CALSTART Releases Updated Zero-Emission Bus (ZEB) Inventory Report for the United States and Canada
Report covers Class 3 and above battery-electric or fuel-cell electric transit buses
PASADENA, CA – CALSTART is pleased to announce the release of this year’s Zeroing in on ZEBs, an annual report funded by the Federal Transit Administration (FTA) and the California Air Resources Board’s (CARB’s) Hybrid and Zero-Emission Truck and Bus Voucher Incentive Project (HVIP). It provides an updated index of adopted ZEBs that have been funded, ordered, and/or delivered within the United States and Canada according to data collected through September 2022. Tracking the data shows the countries’ progress towards 100% zero-emission vehicle adoption.
The U.S. government works with global public and private organizations to reduce harmful pollutants released into the atmosphere from medium- and heavy-duty diesel-engine vehicles. Although transit buses produce less smog per capita than passenger cars, the impact directly affects the communities they serve. When President Biden signed the Infrastructure Investment and Jobs Act into law in November of 2021, historic levels of funding were made available for zero-emission transit projects and paved the way forward for ZEB adoption.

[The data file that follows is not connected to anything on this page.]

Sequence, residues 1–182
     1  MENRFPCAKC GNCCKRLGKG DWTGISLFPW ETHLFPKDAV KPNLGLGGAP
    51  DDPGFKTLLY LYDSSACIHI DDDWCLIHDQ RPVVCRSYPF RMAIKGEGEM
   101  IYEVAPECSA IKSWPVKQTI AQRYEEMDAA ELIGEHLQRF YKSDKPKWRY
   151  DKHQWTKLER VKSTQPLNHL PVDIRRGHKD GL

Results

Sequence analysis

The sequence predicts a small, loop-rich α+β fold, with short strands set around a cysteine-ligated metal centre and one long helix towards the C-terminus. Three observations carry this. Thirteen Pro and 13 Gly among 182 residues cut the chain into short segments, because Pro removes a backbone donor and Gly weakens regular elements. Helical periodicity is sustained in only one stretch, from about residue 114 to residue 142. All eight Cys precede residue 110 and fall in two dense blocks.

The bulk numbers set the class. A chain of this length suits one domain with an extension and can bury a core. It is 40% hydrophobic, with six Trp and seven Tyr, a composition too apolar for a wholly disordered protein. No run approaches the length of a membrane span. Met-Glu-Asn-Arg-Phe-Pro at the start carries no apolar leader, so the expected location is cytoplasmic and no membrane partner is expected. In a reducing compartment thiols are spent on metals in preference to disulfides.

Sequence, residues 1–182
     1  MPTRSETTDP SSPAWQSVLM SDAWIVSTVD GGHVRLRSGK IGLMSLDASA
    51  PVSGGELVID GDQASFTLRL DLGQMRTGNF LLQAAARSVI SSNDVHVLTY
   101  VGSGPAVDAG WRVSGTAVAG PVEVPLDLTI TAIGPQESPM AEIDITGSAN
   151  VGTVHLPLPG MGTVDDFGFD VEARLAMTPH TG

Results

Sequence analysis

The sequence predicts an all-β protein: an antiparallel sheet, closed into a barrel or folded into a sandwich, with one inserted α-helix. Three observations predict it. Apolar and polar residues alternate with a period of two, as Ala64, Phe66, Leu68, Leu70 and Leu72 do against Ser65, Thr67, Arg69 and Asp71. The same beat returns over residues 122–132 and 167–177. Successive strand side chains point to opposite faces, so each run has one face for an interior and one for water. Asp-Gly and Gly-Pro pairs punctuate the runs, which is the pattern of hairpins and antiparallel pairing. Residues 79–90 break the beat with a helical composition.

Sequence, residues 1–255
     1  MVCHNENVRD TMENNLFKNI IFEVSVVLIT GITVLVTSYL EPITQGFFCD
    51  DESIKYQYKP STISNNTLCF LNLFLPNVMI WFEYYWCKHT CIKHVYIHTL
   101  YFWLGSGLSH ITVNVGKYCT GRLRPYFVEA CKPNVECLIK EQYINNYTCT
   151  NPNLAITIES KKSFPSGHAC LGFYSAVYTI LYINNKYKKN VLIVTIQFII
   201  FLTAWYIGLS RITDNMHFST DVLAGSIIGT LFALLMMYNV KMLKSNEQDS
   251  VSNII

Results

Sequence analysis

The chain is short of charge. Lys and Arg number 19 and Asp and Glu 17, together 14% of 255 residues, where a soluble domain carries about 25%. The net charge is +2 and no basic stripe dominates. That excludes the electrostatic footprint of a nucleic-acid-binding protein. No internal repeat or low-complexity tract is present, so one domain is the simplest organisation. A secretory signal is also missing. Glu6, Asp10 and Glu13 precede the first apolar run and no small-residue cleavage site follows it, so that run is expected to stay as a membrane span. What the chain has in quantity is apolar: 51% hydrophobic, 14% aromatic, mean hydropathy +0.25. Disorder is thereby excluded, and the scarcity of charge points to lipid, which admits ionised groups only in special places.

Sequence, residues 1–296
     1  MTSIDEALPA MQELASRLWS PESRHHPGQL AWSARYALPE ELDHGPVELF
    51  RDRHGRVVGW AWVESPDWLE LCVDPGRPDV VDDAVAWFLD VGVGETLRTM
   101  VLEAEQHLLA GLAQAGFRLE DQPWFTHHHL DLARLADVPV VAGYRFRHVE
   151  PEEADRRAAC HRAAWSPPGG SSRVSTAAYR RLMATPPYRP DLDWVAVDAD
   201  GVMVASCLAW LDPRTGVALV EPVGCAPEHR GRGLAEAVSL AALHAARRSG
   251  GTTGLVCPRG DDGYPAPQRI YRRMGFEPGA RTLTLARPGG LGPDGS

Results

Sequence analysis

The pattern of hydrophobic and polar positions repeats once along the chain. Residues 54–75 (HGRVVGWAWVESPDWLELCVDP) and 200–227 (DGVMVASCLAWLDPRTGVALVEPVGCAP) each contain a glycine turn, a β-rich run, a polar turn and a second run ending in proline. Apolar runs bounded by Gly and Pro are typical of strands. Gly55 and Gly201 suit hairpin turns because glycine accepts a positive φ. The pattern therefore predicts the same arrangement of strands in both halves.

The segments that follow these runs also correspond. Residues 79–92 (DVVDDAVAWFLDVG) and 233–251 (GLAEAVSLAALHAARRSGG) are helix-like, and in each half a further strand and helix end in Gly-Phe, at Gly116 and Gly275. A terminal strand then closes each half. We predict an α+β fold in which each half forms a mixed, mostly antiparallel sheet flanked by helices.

Full-size ZEBs are defined as Class 7 or 8 transit buses that are 30 or more feet in length. In the United States today, the total count of full-size battery-electric and fuel-cell electric transit buses has grown to 5,480—a 66% increase since 2021 from 3,297 total ZEBs. California, a state where all new sales of transit buses must be zero-emission by 2030, in compliance with the Innovative Clean Transit (ICT) regulation, has the most ZEBs in the country with 1,977 vehicles. The West Coast overall, including California, Oregon, and Washington, accounts for 41% of ZEBs nationwide. New York follows behind California with 489 total buses. While it’s not surprising that these two states are at the forefront as fleet companies take advantage of available zero-emission technology and funding sources, other states, including Arizona, Massachusetts, Vermont, and Maine, doubled their count in the last year. As the report states, “Arizona and Massachusetts saw the largest year-over-year increases at 280% and 271%, respectively.” The southeastern and southwestern United States, led by Florida and Texas, showed strong gains in the number of full-size ZEBs, indicating these regions have accelerated the pace of adoption compared to previous years.